Defendants approved and filed emergency regulations to implement the reduction in State contribution rates effective October 1, 2011, and a further reduction in State contribution rates for employees retiring from State service on or after January 1, 2012, including PEF employees. These reductions will result in a six percent (6 %) reduction in the State contribution rates for individual coverage from ninety percent (90 %) to eight-four percent (84 %) and dependent coverage from seventy-five percent (75 %) to sixty-nine percent (69 %) for those retirees retiring from a title Salary Grade 10 or above, from a position equated to Salary Grade 10 or above, or for those who retire from a position which is not allocated or equated to a Salary Grade, based upon the wages or salary paid as compared to the salary schedule set forth in the CSEA Agreement.
On December 28, 2011, plaintiffs filed a complaint (Dkt. No. 1) asserting causes of action for impairment of contract, violation of due process, violation of civil rights pursuant to 42 U.S.C. § 1983 and breach of contract. Plaintiffs also claim that Civil Service Law § 167(8) is unconstitutional as applied and assert that defendants Hite and Megna lacked authority under § 167(8) to approve and implement the reduction in State contribution rates. Plaintiffs seek judgment pursuant to Article 78 of the New York Civil Practice Laws and Rules. Plaintiffs commenced this action against the individual defendants in their official capacities only.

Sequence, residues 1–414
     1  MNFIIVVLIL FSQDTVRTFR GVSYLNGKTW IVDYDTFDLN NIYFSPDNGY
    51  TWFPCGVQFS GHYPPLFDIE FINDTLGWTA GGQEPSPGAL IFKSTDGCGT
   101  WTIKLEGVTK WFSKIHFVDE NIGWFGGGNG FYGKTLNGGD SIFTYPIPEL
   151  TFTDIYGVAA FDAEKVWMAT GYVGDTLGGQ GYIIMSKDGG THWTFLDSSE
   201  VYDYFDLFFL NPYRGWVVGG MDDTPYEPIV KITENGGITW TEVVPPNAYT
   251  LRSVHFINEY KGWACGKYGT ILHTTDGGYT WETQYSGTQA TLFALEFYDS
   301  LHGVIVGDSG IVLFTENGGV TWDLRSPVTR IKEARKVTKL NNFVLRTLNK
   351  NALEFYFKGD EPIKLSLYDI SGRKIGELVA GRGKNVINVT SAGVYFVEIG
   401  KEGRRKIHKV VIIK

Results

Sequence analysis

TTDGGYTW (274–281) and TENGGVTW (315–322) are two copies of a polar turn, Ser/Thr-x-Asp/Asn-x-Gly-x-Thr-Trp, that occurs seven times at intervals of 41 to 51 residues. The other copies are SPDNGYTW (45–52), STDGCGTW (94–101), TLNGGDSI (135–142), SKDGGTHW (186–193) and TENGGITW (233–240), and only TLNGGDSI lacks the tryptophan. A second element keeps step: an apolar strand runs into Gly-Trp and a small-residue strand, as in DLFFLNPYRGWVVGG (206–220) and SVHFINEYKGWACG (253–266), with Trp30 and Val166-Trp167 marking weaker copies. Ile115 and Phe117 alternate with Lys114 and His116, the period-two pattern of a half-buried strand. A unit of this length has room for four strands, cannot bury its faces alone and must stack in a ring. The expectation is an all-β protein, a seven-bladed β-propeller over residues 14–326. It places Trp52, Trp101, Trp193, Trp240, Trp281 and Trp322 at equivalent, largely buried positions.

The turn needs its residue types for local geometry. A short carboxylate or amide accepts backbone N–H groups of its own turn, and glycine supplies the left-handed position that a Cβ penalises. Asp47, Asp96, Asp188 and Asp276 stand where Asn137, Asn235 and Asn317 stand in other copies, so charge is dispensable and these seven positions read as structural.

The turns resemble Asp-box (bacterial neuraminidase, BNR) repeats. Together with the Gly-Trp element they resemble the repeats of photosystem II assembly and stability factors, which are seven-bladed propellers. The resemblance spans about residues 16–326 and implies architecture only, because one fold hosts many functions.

Standard on a Motion to Dismiss under 12(b)(1)
In contemplating a motion to dismiss for lack of subject matter jurisdiction pursuant to Rule 12(b)(1), the Court must "accept as true all material factual allegations in the complaint[.]" Atl. Mut. Ins. Co. v. Balfour MacLaine Int' Ltd., 968 F.2d 196, 198 (2d Cir. 1992). The court may consider evidence outside the pleadings, e.g., affidavit(s), documents or otherwise competent evidence. See Kamen v. Am. Tel. & Tel. Co., 791 F.2d 1006, 1011 (2d Cir. 1986); Antares Aircraft v. Fed. Rep. of Nigeria, 948 F.2d 90, 96 (2d Cir. 1991). "The standards for considering a motion to dismiss under Rules 12(b)(1) and 12(b)(6) are substantively identical." Lerner v. Fleet Bank, N.A., 318 F.3d 113, 128 (2d Cir. 2003).
Defendants move for dismissal pursuant to Fed. R. Civ. P. 12(b)(1) arguing that the Eleventh Amendment precludes the Court from obtaining subject matter jurisdiction over the following claims: (1) all of plaintiffs' claims against the State of New York and its agencies; (2) plaintiffs' claims against defendants in their official capacities; and (3) plaintiffs' Article 78 cause of action. Defendants also allege that the principals of the Younger doctrine require abstention in this matter.
The Eleventh Amendment provides that "[t]he Judicial power of the United States shall not be construed to extend to any suit in law or equity, commenced or prosecuted against one of the United States by Citizens of another State, or by Citizens or Subjects of any Foreign State." State Emp. Bargaining Agent Coalition v. Rowland, 494 F.3d 71, 95 (2d Cir. 2007) (citing U.S. Const. amend. XI). The Eleventh Amendment bars federal courts from exercising subject matter jurisdiction over claims against states absent their consent to such a suit or an express statutory waiver of immunity. See Pennhurst State Sch. & Hosp. v. Halderman, 465 U.S. 89, 90--100 (1984); see also Huminski v. Corsones, 386 F.3d 116, 133 (2d Cir. 2004) (citation omitted). Although the plaintiff generally bears the burden of proving subject matter jurisdiction, the entity claiming Eleventh Amendment immunity bears the burden to prove such. See Woods v. Rondout Valley Cent. Sch. Dist. Bd. of Educ., 466 F.3d 232, 237 (2d Cir. 2006).